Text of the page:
The Very Rich Hours of Adrienne Monnierby Adrienne Monnier
Monnier took a simple though sophisticated delight in language, books, art, music, nature, friendship, and food. Her 1940 journal, written as Paris fell to the
In 1920s Paris, Adrienne Monnier provided a focal point for the writers and artists drawn to the Left Bank. Her bookstore in the Rue de l’Odeon was aptly called La Maison des Amis des Livres.
Monnier took a simple though sophisticated delight in language, books, art, music, nature, friendship, and food. Her 1940 journal, written as Paris fell to the Germans and originally published in 1976, is a rich tapestry of essays, reviews, and personal recollections. She goes to lunch with Colette, visits T. S. Eliot, befriends Joyce, argues with Breton, takes walks with Gide, publishes her elegant reviews, and reflects on the ballet, opera, Steinberg drawings, Marlon Brando and Alec Guinness movies, and the country of her birth.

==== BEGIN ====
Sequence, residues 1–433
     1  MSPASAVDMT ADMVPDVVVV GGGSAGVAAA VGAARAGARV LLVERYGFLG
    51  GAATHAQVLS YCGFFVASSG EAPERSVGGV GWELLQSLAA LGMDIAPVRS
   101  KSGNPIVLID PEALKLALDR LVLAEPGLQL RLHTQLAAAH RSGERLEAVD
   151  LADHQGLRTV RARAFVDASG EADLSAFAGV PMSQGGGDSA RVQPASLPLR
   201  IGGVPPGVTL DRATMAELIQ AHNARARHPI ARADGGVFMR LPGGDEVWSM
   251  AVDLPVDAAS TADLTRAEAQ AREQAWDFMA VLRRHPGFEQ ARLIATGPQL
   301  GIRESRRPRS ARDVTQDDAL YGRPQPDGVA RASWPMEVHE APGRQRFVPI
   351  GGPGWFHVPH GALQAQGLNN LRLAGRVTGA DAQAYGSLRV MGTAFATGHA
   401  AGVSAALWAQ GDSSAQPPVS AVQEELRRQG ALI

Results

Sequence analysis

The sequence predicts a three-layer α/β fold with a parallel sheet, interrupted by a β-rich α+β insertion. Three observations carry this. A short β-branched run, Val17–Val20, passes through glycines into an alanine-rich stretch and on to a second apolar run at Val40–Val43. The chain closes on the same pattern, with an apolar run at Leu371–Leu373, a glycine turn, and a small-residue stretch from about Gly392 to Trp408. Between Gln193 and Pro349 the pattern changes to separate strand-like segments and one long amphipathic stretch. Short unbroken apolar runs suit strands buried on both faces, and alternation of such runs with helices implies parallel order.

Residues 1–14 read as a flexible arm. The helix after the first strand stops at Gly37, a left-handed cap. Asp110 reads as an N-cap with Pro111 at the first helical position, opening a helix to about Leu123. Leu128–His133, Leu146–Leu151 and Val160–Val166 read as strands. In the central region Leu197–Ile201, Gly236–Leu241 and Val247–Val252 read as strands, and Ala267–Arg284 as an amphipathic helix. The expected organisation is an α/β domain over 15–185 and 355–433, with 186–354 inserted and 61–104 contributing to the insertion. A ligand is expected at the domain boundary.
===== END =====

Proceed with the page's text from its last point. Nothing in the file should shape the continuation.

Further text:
- University of Nebraska Press
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- 6.05(w) x 8.93(h) x 1.11(d)
Meet the Author
Richard McDougall is the translator of Herculine Barbin: Being the Recently Discovered Memoirs of a Nineteenth-Century Hermaphrodite.
Brenda Wineapple, Washington Irving Professor of Modern Literary and Historical Studies at Union College, Schenectady, New York, is the author of Genet: A Biography of Janet Flanner, also a Bison Book.
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